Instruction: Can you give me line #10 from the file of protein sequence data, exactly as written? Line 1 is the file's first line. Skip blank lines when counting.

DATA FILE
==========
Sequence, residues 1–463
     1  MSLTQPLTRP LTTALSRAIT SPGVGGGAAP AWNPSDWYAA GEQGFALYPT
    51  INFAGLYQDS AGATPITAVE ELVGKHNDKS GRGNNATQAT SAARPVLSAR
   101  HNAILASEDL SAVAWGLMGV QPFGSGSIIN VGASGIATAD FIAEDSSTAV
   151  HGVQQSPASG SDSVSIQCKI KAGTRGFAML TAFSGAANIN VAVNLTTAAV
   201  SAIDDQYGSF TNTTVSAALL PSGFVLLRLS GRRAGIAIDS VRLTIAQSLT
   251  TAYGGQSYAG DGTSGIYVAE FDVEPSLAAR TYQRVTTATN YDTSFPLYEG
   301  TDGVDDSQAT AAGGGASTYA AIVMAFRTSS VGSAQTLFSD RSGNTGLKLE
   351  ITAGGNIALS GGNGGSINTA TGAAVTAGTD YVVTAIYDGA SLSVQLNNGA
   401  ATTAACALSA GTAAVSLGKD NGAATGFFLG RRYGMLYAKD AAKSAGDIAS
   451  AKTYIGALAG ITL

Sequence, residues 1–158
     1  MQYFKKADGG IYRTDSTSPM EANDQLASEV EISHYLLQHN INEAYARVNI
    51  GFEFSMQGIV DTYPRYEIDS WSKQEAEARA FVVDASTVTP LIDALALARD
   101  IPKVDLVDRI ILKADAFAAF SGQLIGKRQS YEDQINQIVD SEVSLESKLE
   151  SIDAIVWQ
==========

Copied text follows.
   401  ATTAACALSA GTAAVSLGKD NGAATGFFLG RRYGMLYAKD AAKSAGDIAS